Thoughts About My Body One Year After Giving Birth

  1. It's been 13 months since I gave birth to my beautiful son.
  2. My body still bears the evidence of that gift: slightly wider hips, a softer belly, and thighs that jiggle after my legs have stopped moving.
  3. I was incredibly patient with my body during pregnancy. I ate well but indulged most of my cravings. I allowed myself to take breaks. I took naps almost daily and didn't feel a bit guilty.
  4. I watched my belly (and arms and thighs) grow, and I didn't mind. I felt beautiful and proud. I was amazed and in awe of what my body was capable of.
  5. I felt like my body was doing important, sacred work and my job was to respect that and let it do its thing.
  6. After giving birth, I struggled with some self consciousness as I assessed and adjusted to my new body, but I was still patient, because I was breastfeeding. Since my body was still nourishing another human, I thought it deserved some grace.
  7. Then last month, I had my 1 year check up and discovered I'm still 12 pounds heavier than I was before I had my son.
  8. And suddenly I wasn't patient anymore.
  9. All those extra jiggles were no longer evidence of a miraculous gift, but instead an ugly scar which I wanted removed.
  10. I looked at myself in the mirror and felt lazy and undisciplined. I chastised myself for taking so long to lose the weight. I scrutinized every detail, letting my critical eye linger on every imperfection.
  11. I acted like a Mean Girl...to myself.
  12. Apparently, my body was no longer doing anything important enough to warrant grace or love or patience.
  13. But you know what? That's a lie.
  14. My body is still doing important work.
  15. Each day, my body allows me to care for my family. It lets me smell my son's sweet curly head and kiss my husband goodnight.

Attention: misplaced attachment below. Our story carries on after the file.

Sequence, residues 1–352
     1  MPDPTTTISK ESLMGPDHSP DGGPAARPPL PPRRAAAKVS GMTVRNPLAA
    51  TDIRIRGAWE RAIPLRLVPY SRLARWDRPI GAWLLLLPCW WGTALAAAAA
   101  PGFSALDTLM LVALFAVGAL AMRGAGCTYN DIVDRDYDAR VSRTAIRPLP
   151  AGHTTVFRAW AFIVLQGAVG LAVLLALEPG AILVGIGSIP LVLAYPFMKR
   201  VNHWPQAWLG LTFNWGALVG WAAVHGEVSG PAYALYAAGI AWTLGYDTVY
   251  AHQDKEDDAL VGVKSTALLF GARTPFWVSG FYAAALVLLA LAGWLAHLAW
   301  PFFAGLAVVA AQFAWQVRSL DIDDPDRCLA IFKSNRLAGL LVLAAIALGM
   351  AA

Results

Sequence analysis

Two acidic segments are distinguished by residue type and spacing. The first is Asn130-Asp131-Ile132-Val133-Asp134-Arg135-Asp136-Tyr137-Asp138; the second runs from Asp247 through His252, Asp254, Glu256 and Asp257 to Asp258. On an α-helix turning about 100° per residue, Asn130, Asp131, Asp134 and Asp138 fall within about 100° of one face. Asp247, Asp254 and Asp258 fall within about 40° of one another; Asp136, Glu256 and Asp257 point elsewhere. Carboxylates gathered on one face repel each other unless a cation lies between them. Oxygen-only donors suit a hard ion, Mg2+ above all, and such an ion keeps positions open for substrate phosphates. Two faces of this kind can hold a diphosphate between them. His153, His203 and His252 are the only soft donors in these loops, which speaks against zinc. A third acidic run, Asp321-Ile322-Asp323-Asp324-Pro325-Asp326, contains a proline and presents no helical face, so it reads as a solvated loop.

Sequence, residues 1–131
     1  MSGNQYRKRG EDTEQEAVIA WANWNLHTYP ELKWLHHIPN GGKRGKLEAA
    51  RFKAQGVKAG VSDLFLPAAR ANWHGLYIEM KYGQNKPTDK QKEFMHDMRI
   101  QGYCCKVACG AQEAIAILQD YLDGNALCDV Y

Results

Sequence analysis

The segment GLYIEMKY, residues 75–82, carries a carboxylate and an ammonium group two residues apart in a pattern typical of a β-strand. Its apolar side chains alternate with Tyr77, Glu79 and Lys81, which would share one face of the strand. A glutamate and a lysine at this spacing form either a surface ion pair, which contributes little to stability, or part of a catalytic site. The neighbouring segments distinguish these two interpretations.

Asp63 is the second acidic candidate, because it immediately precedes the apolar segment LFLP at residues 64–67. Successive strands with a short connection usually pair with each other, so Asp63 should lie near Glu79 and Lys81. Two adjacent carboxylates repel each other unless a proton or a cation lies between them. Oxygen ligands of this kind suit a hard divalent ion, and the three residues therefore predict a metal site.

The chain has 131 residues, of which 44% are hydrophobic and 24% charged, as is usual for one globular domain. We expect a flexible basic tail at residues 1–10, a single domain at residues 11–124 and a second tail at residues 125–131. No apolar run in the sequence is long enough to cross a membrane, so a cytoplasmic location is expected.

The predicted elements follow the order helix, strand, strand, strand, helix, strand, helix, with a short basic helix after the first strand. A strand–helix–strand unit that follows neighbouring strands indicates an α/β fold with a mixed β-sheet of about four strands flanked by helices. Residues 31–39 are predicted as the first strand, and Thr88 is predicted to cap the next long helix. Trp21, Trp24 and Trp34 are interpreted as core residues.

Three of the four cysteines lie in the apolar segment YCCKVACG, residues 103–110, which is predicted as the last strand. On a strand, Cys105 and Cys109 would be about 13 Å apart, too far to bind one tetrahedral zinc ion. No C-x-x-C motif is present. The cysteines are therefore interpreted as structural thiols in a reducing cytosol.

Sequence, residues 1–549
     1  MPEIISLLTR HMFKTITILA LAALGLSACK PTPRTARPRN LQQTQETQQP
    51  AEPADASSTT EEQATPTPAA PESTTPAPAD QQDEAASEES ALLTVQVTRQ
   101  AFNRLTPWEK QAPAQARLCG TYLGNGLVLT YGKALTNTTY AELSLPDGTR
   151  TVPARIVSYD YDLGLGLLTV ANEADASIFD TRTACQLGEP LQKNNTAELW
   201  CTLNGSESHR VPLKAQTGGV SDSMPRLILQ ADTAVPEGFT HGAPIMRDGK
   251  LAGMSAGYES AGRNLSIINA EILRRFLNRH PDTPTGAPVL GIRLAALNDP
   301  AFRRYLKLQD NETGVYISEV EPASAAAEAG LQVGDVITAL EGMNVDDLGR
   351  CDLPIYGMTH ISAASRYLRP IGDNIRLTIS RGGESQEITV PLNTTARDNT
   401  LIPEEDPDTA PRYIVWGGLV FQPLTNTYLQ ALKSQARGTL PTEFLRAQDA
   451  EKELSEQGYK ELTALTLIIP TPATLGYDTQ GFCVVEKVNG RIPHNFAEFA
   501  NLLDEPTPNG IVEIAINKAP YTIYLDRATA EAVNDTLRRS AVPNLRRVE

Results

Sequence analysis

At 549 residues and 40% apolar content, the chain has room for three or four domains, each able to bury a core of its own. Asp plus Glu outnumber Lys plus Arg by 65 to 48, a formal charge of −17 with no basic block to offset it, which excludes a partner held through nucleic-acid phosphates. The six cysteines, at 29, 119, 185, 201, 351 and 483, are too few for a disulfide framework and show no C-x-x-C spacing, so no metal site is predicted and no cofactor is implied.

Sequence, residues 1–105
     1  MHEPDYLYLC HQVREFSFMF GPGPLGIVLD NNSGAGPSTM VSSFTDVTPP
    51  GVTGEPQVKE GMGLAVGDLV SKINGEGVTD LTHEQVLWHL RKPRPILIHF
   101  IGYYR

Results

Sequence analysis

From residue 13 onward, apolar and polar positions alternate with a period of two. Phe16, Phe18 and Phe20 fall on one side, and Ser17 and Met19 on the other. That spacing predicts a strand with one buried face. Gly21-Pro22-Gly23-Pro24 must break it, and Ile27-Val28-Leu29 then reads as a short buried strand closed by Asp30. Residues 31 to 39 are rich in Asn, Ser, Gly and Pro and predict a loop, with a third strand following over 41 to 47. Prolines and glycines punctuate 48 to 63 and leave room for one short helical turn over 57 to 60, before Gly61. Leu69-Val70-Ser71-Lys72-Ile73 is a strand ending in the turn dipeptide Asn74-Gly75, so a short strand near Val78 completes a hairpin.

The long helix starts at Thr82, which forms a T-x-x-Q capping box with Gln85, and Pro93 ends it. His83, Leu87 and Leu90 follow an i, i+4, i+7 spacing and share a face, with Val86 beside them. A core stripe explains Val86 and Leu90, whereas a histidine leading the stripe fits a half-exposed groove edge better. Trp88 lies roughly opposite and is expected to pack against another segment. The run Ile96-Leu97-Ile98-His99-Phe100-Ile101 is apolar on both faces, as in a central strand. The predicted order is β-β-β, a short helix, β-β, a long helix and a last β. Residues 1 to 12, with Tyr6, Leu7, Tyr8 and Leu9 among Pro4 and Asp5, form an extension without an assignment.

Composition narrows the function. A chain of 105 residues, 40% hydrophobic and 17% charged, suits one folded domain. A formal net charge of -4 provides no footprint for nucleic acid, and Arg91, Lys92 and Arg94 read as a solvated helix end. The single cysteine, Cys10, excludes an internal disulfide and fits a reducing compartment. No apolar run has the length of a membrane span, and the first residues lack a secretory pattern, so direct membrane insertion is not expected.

16. This body gives me walks in the park and Saturday morning snuggles and piggy back rides.
  17. Because of this body, I know the soothing, hypnotic quality of Norah Jones' voice and the thrill of sliding between crisp, clean sheets at bedtime.
  18. This body has allowed me to taste a filet mignon dripping with butter and know the pleasures of a simple home cooked meal shared with friends.
  19. This vessel, while perhaps imperfect, has given me so much.
  20. So today, I will treat it kindly. I will give grace to my doughy belly and laugh at my jiggly thighs.
  21. I will thank this body for giving me kisses and goosebumps and naps and swims.
  22. I will look myself in the mirror and say my body is beautiful, and I will do my best to really believe that.
  23. I will remember the important work my body is doing. The living and breathing, the talking and waving and hugging and listening, the work of each day, it's a miracle.
  24. So I will choose gratefulness over guilt, kindness over criticism, joy over judgment.
  25. This body is mine, and it is a gift. Not a system to be managed or a machine to be fixed, but a gift. It's time I treat it with the tenderness, care, and respect it deserves.